The Importance of Financial Literacy

April 24, 2012, Written By Lynn Oldshue

The less you know about credit cards, the more you will pay, especially if you are a woman.

A study from the FINRA Investor Education Foundation showed that women with low levels of financial literacy were more likely to take part in costly credit card behaviors than men with a low level of financial literacy. However, there were no differences in behavior between men and women with high financial literacy.

The findings imply that increasing financial literacy can improve credit card management as well as reduce or possibly eliminate gender-based differences in credit card behavior.

According to the survey, women were six percentage points more likely than a man to be charged a late fee, five percentage points more likely to carry a balance, and four points more likely to pay the minimum payment on their cards.

Women were also less likely to pay their balance in full and comparison shop for credit cards.

But many of these gender differences were minimized or eliminated by increasing the level of financial literacy.

One exception to this is in the area of interest rates. Both men and women with low levels of financial literacy pay more in credit card interest rates than those with high financial literacy. But females pay half a percentage point more in credit card interest rates than men, regardless of financial literacy level. This could amount to thousands of dollars over a lifetime.

Financial education should start at home and at an early age. Parents should teach their children how to budget, spend wisely, and properly use credit. These are some of the most valuable lessons we can teach our children. This is not an education they should learn by making their own mistakes.

Here are some credit card tips for women:

If you can’t afford to pay for it with cash, you can’t afford to pay for it with a credit card. A credit card is a high interest loan. Unless you pay off your balance each month, you will be charged interest on every single purchase you make. If you do carry a balance, stop using your card except for emergencies.

* Don’t apply for a card on impulse. The offer you receive in the mail may not be the lowest rate you can get. Shopping for the lowest rates can save you hundreds of dollars in interest payments each year. Credit card comparison sites offer easy ways to compare all card offers.

* Avoid store cards. The discounts may be tempting, but stores offer credit cards because they make money, not to save you money. Many retail stores offer credit cards with interest rates between 23% and 30%, much higher than bank-branded credit cards. Many stores train their employees how to push credit cards to customers and to overcome your objections.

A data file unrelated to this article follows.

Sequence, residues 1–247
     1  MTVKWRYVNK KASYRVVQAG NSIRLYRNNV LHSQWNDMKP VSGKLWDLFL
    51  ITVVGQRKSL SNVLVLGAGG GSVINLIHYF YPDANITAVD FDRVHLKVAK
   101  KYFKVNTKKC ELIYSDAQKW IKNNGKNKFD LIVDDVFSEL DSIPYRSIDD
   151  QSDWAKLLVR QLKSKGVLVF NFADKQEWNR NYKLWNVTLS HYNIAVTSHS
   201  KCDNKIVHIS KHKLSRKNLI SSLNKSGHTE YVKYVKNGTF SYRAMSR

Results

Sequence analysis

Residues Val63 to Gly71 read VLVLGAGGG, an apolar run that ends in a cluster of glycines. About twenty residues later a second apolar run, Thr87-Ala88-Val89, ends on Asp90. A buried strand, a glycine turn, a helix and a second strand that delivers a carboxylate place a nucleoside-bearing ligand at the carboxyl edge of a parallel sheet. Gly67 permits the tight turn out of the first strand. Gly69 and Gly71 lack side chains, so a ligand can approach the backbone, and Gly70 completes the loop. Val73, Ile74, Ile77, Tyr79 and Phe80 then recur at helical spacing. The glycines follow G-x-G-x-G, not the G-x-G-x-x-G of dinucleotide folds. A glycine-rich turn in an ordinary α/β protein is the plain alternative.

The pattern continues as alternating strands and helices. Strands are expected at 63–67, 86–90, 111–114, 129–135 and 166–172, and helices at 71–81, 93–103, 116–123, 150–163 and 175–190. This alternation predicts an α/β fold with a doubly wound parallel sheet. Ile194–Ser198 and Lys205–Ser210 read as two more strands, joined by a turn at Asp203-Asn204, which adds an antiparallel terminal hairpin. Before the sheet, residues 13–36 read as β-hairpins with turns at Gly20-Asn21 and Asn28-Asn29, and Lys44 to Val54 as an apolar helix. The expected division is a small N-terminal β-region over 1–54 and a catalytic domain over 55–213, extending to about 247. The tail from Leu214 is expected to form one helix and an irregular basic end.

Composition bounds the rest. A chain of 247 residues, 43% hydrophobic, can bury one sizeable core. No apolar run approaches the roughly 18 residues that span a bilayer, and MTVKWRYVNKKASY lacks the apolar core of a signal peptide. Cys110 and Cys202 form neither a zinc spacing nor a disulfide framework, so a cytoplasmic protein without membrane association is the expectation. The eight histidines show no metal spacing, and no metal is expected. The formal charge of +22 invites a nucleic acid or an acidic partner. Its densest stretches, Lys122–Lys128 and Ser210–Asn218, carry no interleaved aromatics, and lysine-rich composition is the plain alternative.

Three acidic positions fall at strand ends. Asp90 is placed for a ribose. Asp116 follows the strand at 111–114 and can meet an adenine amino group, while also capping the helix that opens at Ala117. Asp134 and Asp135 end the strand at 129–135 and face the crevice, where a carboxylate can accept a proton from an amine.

* Pay on time, every time. A due date can pass by so quickly and quietly, but the consequences are harsh. The late fee is typically up to $35 and the interest rate can increase up to the penalty rate that can be as high as 30%. It can even pull down your credit score and push up other interest rates. Set a text or email payment reminder so the date doesn’t pass you by.

* Pay more than the minimum payment. Issuers benefit when you pay the minimum monthly payment because it will take you longer to pay off the balance, and hence, cost you more in interest penalties. Pay as much of the balance as you can each month until you have the balance completely paid off.

The minimum payment is just a trap that squeezes out many years of interest payments without significantly paying down the balance. Look over your next credit card bill to find how long it will take to pay off your balance if you make only the minimum payment. You will be shocked to see how much you will pay in interest.

* Pay often. You can make extra credit card payments any time, not just on your due date. Use birthday money, tax returns, consignment sales, second jobs, wherever you can find extra cash. Paying down this debt will bring better returns than most investments.

* Know your credit limit and stay under it. Your credit limit is available credit, but not how much you have permission to spend. If you carry a balance, it should be less than 30% of your credit limit. If you are using most of your credit limit, this can be a red flag that you are a risk for default and it can pull down your credit score.

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The information contained within this article was accurate as of April 24, 2012. For up-to-date
information on any of the terms, cards or offers mentioned above, visit the issuer's website.

About Lynn Oldshue

Lynn Oldshue has written personal finance stories for for twelve years. She majored in public relations at Mississippi State University.
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